Return to Russia

Alexander Zinoviev in 1999

After 21 years of exile, Alexander Zinoviev returned to Russia in 1999. Having turned anti-West, he stated that "headed by the United States (a global super-society located in the USA), the West has deliberately put into practice a program for destroying Russia."[5] He used to be an ardent supporter of Yugoslavia's anti-Western leader, Slobodan Milošević, and visited him, praising him as a true fighter against the 'Westernizers'. Regarding Josef Stalin, whom Zinovyev and his comrades had once planned to assassinate, Zinovyev declared: “I consider him one of the greatest persons in the history of mankind. In the history of Russia he was, in my opinion, even greater than Lenin. Until Stalin's death I was anti-Stalinist, but I always regarded him as a brilliant personality.”[6]

In his online interview, Zinovyev maintained that all the accusations brought against Milošević were mere slander; he also declared that he admired Radovan Karadzic and Ratko Mladić, whom he regarded as significant and brave persons of the twentieth century.[7] Zinoviev was a co-chairman of the International Committee to Defend Slobodan Milosevic [3]. After the death of Milošević in March 2006, the future of this association remains unclear.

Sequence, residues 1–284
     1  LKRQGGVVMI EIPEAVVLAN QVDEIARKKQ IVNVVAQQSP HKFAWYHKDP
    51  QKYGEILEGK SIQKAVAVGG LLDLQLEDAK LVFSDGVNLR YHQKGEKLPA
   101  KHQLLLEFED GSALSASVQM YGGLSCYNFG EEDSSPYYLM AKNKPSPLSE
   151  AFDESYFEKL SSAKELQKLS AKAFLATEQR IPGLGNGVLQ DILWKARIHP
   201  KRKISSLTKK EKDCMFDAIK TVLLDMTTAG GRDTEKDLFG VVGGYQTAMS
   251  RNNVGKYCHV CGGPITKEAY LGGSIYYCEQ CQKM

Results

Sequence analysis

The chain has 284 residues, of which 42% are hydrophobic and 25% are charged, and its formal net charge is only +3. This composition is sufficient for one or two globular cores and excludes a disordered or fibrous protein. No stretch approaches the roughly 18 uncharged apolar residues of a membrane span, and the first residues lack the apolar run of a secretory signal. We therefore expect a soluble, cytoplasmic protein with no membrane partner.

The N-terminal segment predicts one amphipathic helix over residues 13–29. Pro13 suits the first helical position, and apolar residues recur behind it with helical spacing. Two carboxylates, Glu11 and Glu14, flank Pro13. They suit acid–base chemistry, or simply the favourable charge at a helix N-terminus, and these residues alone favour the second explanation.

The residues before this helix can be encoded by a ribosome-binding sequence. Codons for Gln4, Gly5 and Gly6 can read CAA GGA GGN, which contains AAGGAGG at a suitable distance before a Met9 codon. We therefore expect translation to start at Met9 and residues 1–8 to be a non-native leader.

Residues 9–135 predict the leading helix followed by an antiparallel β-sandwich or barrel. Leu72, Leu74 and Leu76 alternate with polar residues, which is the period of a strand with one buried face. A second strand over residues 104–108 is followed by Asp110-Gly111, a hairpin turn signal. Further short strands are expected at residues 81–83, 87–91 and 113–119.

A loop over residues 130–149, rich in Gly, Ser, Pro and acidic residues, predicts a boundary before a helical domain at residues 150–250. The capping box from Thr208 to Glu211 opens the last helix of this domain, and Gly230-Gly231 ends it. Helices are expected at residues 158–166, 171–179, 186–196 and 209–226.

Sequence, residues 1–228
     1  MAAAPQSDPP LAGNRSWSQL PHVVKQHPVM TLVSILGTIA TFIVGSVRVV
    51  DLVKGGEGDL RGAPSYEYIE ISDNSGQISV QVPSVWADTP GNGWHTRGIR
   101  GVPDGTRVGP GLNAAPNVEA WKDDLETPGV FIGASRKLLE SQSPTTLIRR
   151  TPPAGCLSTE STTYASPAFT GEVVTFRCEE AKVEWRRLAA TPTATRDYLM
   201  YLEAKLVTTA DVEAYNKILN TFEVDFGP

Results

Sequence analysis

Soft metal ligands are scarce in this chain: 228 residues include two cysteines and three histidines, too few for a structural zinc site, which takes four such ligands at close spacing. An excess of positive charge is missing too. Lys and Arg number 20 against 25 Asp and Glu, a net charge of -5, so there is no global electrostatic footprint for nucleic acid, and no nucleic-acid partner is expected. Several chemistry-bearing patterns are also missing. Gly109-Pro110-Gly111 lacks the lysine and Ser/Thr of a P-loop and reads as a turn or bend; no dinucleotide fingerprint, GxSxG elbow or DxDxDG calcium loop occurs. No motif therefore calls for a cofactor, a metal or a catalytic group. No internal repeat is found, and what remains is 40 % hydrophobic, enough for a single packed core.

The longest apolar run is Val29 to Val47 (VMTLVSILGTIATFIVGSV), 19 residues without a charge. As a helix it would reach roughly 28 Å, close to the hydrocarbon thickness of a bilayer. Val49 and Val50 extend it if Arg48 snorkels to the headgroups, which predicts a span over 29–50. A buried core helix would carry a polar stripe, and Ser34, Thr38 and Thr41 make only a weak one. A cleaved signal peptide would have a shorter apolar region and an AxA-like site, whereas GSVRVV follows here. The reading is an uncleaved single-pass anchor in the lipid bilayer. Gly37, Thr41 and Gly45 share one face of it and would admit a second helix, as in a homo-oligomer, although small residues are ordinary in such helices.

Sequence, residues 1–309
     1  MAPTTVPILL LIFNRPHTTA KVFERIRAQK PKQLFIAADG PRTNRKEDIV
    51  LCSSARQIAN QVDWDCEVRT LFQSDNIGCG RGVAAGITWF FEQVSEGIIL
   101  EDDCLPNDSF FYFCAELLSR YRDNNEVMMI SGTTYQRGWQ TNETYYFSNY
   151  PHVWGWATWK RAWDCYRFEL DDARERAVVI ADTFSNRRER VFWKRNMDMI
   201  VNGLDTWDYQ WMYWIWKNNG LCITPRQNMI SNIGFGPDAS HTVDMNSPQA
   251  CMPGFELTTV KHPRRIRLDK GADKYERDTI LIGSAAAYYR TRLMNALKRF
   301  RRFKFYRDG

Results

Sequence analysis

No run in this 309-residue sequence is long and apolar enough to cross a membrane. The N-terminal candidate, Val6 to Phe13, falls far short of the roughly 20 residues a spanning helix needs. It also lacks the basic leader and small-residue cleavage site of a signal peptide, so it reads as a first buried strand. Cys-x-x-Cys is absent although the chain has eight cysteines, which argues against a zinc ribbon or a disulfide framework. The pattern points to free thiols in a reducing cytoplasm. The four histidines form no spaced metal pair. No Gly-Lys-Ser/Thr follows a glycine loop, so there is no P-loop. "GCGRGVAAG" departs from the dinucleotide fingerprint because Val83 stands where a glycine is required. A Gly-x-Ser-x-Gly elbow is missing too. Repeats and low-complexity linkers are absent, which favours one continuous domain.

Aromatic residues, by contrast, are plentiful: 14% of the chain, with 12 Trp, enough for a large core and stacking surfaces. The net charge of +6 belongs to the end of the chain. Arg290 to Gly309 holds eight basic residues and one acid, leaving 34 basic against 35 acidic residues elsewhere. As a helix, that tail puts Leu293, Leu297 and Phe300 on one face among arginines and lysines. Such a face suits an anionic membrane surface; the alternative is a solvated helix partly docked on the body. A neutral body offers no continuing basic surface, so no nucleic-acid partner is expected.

Zinoviev was opposed to globalization, which he compared to World War III. He was also fervently critical of the US role in the world; he regarded the US as ten times more dangerous to Russia than Nazi Germany. [4]

Awards

  • member of Bavarian Academy of Arts
  • member of Italian Academy of Science
  • Prix Europeén de l'essai, 1977
  • Best European Novel, 1978
  • Prix Médicis Étranger, 1978
  • Prix Tocqueville, 1982
  • honorary citizen of Ravenna, Avignon and Orange, Vaucluse.